PIK3CA mutation was seen in 6 of 153 (3.9%, Fig. 1) EOC's analyzed and FISH analysis revealed the presence of PIK3CA amplification in 54 of 152 (35.5%, Fig. 2) EOC cases analyzed. PIK3CA amplification results were further validated by real-time PCR. No significant associations were observed with PIK3CA mutations or PIK3CA amplifications and clinicopathological parameters. Immunohistochemical analysis showed overexpression of p110 α expression in 78 of 140 (55.7%, Fig. 3) EOC cases analyzed and its association with various clinicopathological parameters was analyzed (Table 2). p110 α expression overexpression did not coorelate with age, tumor stage, FIGO grade and progreesion free survival. PIK3CA 110 overexpression was associated with overexpression of p-AKT-Ser 473 (p = 0.0260) and a trend was noted with the proliferation marker Ki-67 (p = 0.0639). Of the 6 EOCS with PIK3CA mutation, 5 of them showed overexpression of PIK3CA 110 protein. No association was seen with PIK3CA amplification and overexpression of p110 α expression (p = 0.2320).
KRAS, BRAF, and TP53 mutation analysis
We found that six EOCs contained PIK3CA mutation, three EOC contained activating KRAS mutations and three EOCs had BRAF mutations at codon 599 (Fig. 1). The presence of KRAS and BRAF mutations was mutually exclusive. EOCs with PI3K mutation did not display BRAF or KRAS mutations. Thus PIK3CA mutations were also mutually exclusive with KRAS and BRAF mutation.
TP53 mutation analysis revealed a mutation incidence rate of 32.5% (50 of 154). No significant associations were found between TP53 mutations and clinicopathological data like FIGO staging, tumor grading, tumor type, patient age and progression free survival. Also TP53 mutations were not associated with mutations in PIK3CA, BRAF, and KRAS genes or with activation of AKT, loss of PTEN expression and PIK3CA amplification.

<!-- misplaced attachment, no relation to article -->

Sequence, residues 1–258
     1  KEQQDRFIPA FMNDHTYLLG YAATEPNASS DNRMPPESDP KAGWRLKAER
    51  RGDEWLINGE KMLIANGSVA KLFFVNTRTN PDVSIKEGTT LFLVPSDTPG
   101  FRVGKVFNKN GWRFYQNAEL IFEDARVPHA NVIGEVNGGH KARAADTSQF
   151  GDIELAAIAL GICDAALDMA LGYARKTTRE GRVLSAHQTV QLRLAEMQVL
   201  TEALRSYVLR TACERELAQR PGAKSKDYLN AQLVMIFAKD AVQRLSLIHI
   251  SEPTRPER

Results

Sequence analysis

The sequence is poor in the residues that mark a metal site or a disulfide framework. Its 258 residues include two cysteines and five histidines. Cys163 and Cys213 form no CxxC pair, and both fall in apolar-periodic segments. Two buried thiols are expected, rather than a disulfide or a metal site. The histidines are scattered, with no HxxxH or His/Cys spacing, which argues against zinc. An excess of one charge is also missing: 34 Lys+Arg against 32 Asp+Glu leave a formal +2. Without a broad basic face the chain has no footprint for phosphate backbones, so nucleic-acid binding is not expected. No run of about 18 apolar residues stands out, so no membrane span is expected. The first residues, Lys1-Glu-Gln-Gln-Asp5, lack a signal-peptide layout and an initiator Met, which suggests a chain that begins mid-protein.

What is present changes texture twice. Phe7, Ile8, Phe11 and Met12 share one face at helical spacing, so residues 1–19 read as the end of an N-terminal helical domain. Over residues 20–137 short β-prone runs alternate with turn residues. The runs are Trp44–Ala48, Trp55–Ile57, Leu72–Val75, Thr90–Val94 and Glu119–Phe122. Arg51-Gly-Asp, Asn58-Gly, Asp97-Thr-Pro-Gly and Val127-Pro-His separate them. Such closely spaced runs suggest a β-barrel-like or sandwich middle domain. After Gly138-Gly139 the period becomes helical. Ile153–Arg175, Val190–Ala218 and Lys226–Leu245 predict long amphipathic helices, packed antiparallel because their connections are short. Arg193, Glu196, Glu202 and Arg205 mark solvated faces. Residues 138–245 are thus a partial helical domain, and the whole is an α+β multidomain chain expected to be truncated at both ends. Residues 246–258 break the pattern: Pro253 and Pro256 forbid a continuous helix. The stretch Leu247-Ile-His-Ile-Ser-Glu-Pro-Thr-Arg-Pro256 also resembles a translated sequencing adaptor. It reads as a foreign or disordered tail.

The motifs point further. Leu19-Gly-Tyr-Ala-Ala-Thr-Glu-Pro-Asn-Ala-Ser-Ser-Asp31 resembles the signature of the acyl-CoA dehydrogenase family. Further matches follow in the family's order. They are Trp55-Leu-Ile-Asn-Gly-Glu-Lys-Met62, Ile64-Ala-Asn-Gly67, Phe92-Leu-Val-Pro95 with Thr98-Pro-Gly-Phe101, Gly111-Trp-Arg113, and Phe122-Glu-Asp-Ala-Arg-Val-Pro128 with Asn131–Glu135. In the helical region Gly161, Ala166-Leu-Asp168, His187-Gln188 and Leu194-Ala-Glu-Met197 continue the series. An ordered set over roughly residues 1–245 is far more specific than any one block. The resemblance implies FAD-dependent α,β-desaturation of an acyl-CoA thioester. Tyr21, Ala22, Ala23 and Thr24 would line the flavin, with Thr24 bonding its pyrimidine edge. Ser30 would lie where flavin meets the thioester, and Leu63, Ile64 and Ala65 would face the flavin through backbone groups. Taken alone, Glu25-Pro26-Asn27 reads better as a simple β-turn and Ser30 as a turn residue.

Using the mouse monoclonal anti p53 antibody (Table 1), p53 overexpression by immunohistochemistry was seen in 68/138 (49.3%) EOCs analyzed. p53 overexpression was significantly associated with p53 mutations (P = 0.0002) and a trend of increased expression noted in poorly differentiated EOCs (P = 0.0961).
AKT activation in EOC and its correlation with PIK3CA mutations, PIK3CA amplification, KRAS, BRAF mutations
Because it is suggested that PIK3CA mutations activate AKT function through its phosphorylation , we investigated the relationship between PIK3CA mutation, PIk3CA amplification and activation of p-AKT. The correlation between the activation of AKT with clinicopathological parameters and mutational status of K-KRAS and BRAF genes and TP53 mutation was also explored. AKT activation was evaluated by assessing phosphorylation of AKT by immunohistochemistry at Ser473 and an EOC case was considered to show AKT activation when it was scored as 2+ or 3+ for p-AKT Ser 473. Activation of AKT was observed in 52.1% (75 of 144) of EOC cases.